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64

MAY 2015

|

THE FOREIGN SERVICE JOURNAL

n

Maudine Conley

, 87, a retired

Foreign Service communications officer,

died on Nov. 21, 2014.

Ms. Conley was born in Denton, Ga.,

on Feb. 9, 1927, to Clayton S. and Ollie

Mae Mathis. She began her Foreign

Service career in 1979 with a posting

to Israel. Other assignments included

China, El Salvador, Qatar, Syria, Laos,

Beirut, Suriname, Honduras and Papua

New Guinea. She retired in 1999.

Ms. Conley lived in the Middle Georgia

area. She loved entertaining, reading and

growing flowers that often adorned the

sanctuary of Joyful Life Baptist Church on

Sunday mornings.

Ms. Conley was predeceased by her

son, Thomas Conley; brother, Clayton

“Bud” Mathis; and sister, Jeana Quick.

She is survived by her daughters,

LaDonne O’Connor (Jim) of Aiken, S.C.,

and Sherry Wilson (David) of High Point,

N.C.; grandchildren: Amy Wilson Havlen

(Leo) and Michael Wilson, both of High

Point, N.C.; Kevin O’Connor (Margaret)

of Aiken, S.C.; Cory O’Connor of Cle

Elum, Wash.; Kelly Conley Davis (Travis),

Kristy Conley and Lesley Conley, all of

Virginia Beach, Va.; great grandchildren:

Adela, Nora and Karina Havlen, Madison

Conley, Riley Conley and Harper Davis;

three brothers; three sisters; and a host of

nieces and nephews.

Donations may be given in Ms. Con-

ley’s memory to Joyful Life Baptist Church

at 1618 S. Houston Lake Rd., Kathleen

GA 31047, or to Heart of Georgia Hospice

at 103 Westridge Dr., Warner Robins GA

31088.

n

Arthur A. Hartman

, 89, a retired

FSO and former ambassador to France

and the Soviet Union, died on March 16

in Washington, D.C., of complications

from a fall.

Mr. Hartman was born in Flushing,

N.Y., on March 1, 1926, to Joel Hartman

and Mary Weinstein. He served in the

Army Air Corps during World War II

before receiving a bachelor’s degree from

Harvard University in 1947. He enrolled

at Harvard Law School but left to enter

the Foreign Service in 1948 and join the

Marshall Plan administration in Europe.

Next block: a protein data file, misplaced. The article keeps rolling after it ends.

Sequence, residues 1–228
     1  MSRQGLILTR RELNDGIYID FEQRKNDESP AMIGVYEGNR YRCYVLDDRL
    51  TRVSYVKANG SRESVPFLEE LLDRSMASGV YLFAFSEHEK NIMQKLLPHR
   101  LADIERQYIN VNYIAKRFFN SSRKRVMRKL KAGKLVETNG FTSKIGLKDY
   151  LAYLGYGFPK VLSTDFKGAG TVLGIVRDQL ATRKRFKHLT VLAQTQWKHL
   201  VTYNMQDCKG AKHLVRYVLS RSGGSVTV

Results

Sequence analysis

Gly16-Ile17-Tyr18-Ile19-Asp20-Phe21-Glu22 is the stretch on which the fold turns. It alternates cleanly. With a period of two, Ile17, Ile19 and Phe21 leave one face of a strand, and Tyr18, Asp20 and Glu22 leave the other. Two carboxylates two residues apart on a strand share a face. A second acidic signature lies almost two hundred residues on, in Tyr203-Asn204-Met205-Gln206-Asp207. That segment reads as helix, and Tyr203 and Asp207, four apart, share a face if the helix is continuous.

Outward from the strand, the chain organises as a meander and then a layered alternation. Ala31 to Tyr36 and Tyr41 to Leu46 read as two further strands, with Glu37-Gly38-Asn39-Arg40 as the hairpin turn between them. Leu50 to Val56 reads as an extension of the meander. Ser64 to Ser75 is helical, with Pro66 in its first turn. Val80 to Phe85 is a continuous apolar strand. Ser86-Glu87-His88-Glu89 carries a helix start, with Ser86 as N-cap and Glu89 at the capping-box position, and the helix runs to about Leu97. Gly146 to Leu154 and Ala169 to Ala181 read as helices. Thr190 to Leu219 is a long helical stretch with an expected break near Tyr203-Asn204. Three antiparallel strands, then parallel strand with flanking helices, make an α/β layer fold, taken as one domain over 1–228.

In a diplomatic career spanning four

decades, Mr. Hartman held high-ranking

posts under Republican and Democratic

administrations and developed a reputa-

tion, the

New York Times

once reported,

as “one of the brainiest and most profes-

sional members of the Foreign Service.”

Mr. Hartman’s first post, to France

with the Economic Cooperation Admin-

istration, was followed by assignments

in Saigon as an economic officer in the

1950s. He returned to Washington in 1958

to work in the Bureau of European Affairs

and was appointed special assistant to

Under Secretary George W. Ball shortly

thereafter.

Beginning in 1961, Mr. Hartman

served in London as chief of the eco-

nomic section. A return to State in 1968

in Under Secretary of State Nicholas Kat-

zenbach’s office was followed by a short

posting to Brussels in 1972 as deputy

chief of mission to the Common Market.

Secretary of State Henry Kissinger called

Mr. Hartman back to the United States in

1974 to act as assistant secretary of State

for European affairs.

In 1977, President Jimmy Carter

named Mr. Hartman ambassador to

France, only the second career diplomat

appointed to the Paris post during the

20th century. His tenure straddled the

centrist government led by President

Valéry Giscard d’Estaing and the Socialist

administration of François Mitterrand.

The Reagan administration asked

Ambassador Hartman to stay on in Paris

as a liaison to the Mitterrand adminis-

tration. He made an impression on the

French for his conspicuous presence at

artistic events such as the opera, and his

use of his residence as a showcase for

American art, borrowed from American

museums.

In 1981 President Ronald Reagan

appointed Mr. Hartman ambassador to

the Soviet Union, where he served dur-

ing a particularly tumultuous period of

the Cold War from the death of Leonid

Brezhnev to the rise of Mikhail Gor-

bachev. He remained in Moscow until

1987, the longest tenure of any U.S.

ambassador to the Soviet Union since

before World War II.

Amb. Hartman led Embassy Mos-

cow during events that included the

historic summits attended by Reagan

and Gorbachev in Geneva in 1985 and

in Reykjavík in 1986. He contended with

crises including the downing of Korean

Air Lines Flight 007 by the Soviet military

in 1983, the Chernobyl nuclear disaster

in 1986 and, later that year, the detention

of U.S. journalist Nicholas Daniloff on

espionage charges.

His challenges also included what he

described as the restrictive character of

Soviet society. Jack F. Matlock Jr., who

followed him as U.S. ambassador in Mos-

cow, credited Amb. Hartman and his wife

with developing cultural contacts in the

Soviet Union, particularly with dissident

artists, including acclaimed Russian-born

pianist Vladimir Horowitz, who returned

to his homeland in 1986 for the first time

in six decades.

After retiring from the Foreign Service

in 1987, Amb. Hartman was a consultant

with APCO Associates. He also served

on many boards, including ITT Hartford

Insurance, Mellon/Dreyfus Funds, Ford

Meter Box Co. and the First American

Bank in New York. He was chairman of a

private equity fund that invested in the